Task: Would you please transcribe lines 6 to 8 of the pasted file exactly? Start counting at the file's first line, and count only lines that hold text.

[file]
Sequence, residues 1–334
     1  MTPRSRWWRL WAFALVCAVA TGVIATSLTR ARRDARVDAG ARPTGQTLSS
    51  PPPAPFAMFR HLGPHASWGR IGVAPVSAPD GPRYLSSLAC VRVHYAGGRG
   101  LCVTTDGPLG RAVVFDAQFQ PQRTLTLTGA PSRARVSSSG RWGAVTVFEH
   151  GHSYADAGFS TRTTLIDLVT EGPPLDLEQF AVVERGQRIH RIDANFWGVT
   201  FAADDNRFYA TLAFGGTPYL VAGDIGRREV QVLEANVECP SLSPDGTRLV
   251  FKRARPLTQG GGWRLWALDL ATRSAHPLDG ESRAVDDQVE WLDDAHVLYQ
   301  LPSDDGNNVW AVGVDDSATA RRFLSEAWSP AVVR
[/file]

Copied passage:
   201  FAADDNRFYA TLAFGGTPYL VAGDIGRREV QVLEANVECP SLSPDGTRLV
   251  FKRARPLTQG GGWRLWALDL ATRSAHPLDG ESRAVDDQVE WLDDAHVLYQ
   301  LPSDDGNNVW AVGVDDSATA RRFLSEAWSP AVVR